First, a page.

A major goal for Florida lawmakers with Senate Bill 590 was to “encourage frequent contact between a child and each parent” and to “optimize the development of a close and continuing relationship” with the children after divorce or separation. Gov. Rick Scott signed SB 590 into law and it became effective this year.
The new law established an automatic time-sharing schedule, a.k.a. “visitation,” which is part of the broader parenting plan. Essentially, the law makes an end-run around the need to bring visitation matters on a case-by-case basis in front of family law judges.
More importantly (as it affects the lives of our family law clients), the law establishes a presumption that parents – both mothers and fathers – are on an equal playing field when it comes to spending time with their children after divorce or separation.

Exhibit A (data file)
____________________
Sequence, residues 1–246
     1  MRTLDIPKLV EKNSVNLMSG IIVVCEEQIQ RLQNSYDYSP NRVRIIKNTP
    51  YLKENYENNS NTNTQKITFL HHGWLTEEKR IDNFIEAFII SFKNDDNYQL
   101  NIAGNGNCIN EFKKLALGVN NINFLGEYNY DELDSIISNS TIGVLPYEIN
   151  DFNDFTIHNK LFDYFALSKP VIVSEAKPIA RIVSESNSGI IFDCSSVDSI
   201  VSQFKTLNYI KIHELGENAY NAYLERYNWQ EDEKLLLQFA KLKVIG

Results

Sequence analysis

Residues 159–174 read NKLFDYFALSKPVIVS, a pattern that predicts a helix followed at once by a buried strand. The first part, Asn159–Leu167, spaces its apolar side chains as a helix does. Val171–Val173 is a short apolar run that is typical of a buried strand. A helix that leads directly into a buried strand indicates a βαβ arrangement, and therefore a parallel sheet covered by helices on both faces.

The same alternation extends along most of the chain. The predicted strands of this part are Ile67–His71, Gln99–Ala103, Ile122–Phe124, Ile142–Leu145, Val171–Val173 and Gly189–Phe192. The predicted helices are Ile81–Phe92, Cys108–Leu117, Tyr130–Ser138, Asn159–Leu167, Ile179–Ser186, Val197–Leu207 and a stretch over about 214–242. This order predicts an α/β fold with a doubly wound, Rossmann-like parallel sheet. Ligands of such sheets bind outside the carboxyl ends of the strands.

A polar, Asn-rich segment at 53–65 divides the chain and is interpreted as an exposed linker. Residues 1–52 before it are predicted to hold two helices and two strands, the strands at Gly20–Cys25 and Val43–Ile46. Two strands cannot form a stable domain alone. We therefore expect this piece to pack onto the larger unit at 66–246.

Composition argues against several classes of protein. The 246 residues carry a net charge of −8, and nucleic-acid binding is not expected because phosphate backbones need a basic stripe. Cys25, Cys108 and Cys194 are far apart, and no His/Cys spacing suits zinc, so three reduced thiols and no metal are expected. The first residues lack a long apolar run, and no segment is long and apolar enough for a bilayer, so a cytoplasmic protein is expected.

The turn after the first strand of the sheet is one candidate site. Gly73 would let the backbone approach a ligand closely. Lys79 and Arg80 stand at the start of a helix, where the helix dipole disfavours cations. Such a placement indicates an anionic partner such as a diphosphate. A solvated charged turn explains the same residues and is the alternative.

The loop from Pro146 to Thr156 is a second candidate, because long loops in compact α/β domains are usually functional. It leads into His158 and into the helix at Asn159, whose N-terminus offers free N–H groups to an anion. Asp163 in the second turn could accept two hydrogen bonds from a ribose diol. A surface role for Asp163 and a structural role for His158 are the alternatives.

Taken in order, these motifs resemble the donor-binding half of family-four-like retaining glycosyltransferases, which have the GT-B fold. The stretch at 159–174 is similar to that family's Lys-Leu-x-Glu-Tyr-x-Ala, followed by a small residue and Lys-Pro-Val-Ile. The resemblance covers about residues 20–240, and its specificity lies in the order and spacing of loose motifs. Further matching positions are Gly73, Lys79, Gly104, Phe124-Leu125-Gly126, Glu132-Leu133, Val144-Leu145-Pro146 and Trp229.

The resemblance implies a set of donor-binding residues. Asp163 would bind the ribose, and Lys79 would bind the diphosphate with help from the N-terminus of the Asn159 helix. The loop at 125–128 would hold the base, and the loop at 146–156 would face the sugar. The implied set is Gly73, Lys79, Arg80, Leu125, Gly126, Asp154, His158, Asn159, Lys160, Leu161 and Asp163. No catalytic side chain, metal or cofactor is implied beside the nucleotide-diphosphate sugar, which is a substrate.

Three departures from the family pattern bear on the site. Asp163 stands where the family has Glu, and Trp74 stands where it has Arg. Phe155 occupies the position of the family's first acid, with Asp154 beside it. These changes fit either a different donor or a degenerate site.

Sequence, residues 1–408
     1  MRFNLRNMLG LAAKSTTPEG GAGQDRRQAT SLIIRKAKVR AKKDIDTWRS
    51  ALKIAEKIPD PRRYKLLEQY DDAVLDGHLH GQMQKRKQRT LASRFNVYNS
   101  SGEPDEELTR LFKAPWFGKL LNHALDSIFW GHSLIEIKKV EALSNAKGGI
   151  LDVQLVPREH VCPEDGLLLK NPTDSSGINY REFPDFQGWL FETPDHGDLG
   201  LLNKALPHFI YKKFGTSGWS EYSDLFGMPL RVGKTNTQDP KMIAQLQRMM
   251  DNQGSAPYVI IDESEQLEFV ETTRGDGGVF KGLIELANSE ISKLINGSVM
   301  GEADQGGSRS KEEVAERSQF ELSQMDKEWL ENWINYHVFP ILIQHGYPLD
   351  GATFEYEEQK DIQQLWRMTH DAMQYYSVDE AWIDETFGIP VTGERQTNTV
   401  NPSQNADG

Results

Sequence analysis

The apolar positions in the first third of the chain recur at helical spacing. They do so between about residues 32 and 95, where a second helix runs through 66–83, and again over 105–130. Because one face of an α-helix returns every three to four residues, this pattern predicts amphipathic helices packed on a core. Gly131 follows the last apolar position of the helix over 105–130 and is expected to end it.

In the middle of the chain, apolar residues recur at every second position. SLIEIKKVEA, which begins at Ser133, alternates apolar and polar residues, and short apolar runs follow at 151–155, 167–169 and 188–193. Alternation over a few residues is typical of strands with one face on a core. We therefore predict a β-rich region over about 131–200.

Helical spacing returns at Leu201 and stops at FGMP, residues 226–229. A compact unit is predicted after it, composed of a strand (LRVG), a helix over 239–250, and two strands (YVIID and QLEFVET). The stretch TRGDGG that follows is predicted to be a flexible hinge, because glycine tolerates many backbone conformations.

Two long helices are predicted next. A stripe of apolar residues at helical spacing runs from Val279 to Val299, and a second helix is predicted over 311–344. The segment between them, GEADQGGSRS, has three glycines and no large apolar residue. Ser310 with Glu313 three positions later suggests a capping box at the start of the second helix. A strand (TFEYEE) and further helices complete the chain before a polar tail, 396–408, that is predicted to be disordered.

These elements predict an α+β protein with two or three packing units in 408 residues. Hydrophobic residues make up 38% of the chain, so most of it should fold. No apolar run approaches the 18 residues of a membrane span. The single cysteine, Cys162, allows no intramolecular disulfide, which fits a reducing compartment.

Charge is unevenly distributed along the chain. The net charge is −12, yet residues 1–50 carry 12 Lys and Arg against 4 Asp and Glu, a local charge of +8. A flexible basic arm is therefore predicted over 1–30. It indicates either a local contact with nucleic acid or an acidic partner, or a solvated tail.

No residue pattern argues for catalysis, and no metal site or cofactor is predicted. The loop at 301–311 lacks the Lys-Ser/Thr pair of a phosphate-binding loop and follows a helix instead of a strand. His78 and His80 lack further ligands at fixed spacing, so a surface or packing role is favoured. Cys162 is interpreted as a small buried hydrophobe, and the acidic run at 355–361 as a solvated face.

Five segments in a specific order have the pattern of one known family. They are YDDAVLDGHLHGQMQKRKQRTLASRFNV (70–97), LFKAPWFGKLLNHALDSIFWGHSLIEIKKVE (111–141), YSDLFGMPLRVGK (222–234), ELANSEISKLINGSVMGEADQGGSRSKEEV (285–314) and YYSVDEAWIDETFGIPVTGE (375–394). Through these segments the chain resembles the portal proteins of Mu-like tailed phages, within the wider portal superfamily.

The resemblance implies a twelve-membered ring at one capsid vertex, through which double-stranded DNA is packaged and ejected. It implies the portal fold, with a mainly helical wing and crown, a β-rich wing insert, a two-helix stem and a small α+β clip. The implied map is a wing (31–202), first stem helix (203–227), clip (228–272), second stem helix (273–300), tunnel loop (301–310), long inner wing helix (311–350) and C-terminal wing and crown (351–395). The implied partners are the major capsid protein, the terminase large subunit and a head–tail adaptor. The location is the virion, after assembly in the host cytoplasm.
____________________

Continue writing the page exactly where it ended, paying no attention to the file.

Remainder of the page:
Title IV-D Standard Parenting Time Plan
Per the Florida Dept. of Revenue, the Title IV-D Standard Parenting Time Plan is now automatically incorporated into court orders for paternity and support. Rest assured, though, that other agreements can also be made part of these orders – not just the new Title IV-D plan. And the Title IV-D plan itself must be agreed to by both parties.
A Minimum Amount of Parenting Time
Under the Title IV-D Standard Parenting Time Plan, the party making support payments (child, spousal support) is given “a reasonable minimum amount of time” with the children.
In other words, this new law has the practical effect of giving fathers (though certainly not fathers exclusively) an explicit right to spend time with their kids after divorce or separation.
And the plan is specific: It covers every other weekend, one evening per week, Thanksgiving break, winter break, spring break, and summer break.